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CEO Educational Background and External Financing Choices : Evidence from Korea

  • Seongjae Mun Assistant Professor, Soonchunhyang University
  • Hyeong Joon Kim Ph.D. candidate, KAIST
Educational background in Korea can represent personal traits, since academic tracks in the Korean educational system are determined earlier in the individual’s lifetime than in other countries. This study investigates whether CEO educational background affects the firm’s external financing choices. We find that firms with CEOs who majored in science or engineering are less likely to issue equity, and the investment of firms with such CEOs is more responsive to cash flow. We also find that equity issue announcements by firms with such CEOs exhibit more negative market reaction, suggesting that those have bad signals, for instance, poor conditions to issue debt even though they prefer debt to equity. Overall, our study suggests that Korean CEOs’ educational background, particularly science or engineering, is related to managerial confidence, which is the belief that the market undervalues their firms. However, we cannot completely rule out the endogeneity concern arising from CEO-firm matching.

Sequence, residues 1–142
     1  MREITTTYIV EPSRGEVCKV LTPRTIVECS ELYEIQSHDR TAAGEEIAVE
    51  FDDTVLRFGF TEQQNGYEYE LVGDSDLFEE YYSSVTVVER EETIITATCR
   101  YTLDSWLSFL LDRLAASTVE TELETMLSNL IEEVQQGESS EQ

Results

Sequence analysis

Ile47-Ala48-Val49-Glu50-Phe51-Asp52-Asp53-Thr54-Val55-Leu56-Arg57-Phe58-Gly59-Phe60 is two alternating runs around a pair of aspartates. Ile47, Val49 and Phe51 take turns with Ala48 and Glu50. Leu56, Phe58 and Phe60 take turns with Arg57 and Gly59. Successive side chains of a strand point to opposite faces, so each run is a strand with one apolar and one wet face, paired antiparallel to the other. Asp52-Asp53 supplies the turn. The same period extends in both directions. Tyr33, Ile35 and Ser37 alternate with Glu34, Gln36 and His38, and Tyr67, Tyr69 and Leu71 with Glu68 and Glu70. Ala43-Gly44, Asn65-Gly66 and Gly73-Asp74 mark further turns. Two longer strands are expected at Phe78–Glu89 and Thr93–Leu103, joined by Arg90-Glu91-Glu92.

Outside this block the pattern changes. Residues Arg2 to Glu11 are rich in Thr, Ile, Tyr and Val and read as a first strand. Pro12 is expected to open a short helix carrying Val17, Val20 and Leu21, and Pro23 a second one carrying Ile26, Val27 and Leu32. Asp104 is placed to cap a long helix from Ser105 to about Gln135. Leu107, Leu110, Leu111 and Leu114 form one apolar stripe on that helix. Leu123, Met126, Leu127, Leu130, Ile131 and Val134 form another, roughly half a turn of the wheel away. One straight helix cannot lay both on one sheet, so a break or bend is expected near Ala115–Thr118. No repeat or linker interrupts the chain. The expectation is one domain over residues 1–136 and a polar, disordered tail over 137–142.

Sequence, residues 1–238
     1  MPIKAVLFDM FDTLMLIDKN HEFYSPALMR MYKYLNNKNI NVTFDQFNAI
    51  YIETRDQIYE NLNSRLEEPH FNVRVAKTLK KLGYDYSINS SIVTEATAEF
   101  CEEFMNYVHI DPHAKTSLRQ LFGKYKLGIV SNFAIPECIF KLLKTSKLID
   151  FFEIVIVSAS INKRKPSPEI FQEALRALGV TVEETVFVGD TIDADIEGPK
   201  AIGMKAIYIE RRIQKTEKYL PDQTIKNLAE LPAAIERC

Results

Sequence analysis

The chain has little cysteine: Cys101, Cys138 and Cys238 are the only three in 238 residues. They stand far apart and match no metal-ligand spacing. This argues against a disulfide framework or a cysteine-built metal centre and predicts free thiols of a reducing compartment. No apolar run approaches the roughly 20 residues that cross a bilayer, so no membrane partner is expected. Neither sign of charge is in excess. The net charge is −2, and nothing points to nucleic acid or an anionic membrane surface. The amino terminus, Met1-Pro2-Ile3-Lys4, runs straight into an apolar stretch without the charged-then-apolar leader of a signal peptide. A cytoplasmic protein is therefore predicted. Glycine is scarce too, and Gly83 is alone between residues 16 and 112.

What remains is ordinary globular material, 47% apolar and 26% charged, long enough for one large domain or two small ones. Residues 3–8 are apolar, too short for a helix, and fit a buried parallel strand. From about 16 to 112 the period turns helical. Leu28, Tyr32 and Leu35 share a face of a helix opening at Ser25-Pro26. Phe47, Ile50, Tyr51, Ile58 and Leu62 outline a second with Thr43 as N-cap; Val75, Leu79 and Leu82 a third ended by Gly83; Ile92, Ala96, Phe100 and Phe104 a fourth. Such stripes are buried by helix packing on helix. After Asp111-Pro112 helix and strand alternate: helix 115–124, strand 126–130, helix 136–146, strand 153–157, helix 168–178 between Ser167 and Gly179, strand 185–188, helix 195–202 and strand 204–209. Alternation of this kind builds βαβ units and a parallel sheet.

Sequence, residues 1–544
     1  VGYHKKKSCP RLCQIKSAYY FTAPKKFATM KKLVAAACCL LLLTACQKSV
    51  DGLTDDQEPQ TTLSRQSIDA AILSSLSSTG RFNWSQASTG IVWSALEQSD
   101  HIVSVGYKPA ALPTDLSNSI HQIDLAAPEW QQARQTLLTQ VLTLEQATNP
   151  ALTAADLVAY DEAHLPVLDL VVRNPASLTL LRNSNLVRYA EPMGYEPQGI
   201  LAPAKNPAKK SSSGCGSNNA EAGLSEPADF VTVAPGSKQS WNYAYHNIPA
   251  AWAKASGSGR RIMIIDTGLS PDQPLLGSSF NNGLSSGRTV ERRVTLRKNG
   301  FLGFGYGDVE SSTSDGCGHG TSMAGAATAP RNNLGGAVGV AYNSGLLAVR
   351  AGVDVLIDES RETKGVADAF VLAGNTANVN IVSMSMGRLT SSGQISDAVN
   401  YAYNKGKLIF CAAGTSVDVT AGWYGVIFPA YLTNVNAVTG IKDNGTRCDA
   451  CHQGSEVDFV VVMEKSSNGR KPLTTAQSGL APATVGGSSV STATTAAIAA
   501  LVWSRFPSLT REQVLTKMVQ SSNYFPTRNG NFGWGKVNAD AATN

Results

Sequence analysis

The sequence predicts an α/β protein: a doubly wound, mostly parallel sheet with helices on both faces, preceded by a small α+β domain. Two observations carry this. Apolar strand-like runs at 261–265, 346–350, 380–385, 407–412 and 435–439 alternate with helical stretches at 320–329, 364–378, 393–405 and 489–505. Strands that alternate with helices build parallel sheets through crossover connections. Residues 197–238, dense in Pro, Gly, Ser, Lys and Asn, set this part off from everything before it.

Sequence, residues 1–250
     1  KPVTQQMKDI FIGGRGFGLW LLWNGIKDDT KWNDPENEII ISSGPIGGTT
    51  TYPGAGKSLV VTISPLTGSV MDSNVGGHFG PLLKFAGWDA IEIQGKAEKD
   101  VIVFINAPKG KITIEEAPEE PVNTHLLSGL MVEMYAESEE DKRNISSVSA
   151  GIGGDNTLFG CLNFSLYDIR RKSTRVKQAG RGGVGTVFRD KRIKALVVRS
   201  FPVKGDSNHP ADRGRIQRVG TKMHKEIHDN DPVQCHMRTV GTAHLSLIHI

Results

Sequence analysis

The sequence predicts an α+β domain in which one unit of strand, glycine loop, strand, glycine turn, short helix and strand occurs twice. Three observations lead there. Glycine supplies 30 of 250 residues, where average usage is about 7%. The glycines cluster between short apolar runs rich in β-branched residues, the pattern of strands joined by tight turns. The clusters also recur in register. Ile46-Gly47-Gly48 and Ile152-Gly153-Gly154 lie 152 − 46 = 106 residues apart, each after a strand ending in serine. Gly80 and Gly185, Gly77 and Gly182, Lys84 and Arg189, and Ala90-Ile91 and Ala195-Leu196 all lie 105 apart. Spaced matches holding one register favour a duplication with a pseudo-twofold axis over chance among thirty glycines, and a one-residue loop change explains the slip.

• Seongjae Mun
  • Hyeong Joon Kim
Educational background in Korea can represent personal traits, since academic tracks in the Korean educational system are determined earlier in the individual’s lifetime than in other countries. This study investigates whether CEO educational background affects the firm’s external financing choices. We find that firms with CEOs who majored in science or engineering are less likely to issue equity, and the investment of firms with such CEOs is more responsive to cash flow. We also find that equity issue announcements by firms with such CEOs exhibit more negative market reaction, suggesting that those have bad signals, for instance, poor conditions to issue debt even though they prefer debt to equity. Overall, our study suggests that Korean CEOs’ educational background, particularly science or engineering, is related to managerial confidence, which is the belief that the market undervalues their firms. However, we cannot completely rule out the endogeneity concern arising from CEO-firm matching.
CEO educational background,Managerial traits,External financing,Seasoned equity offerings,Investment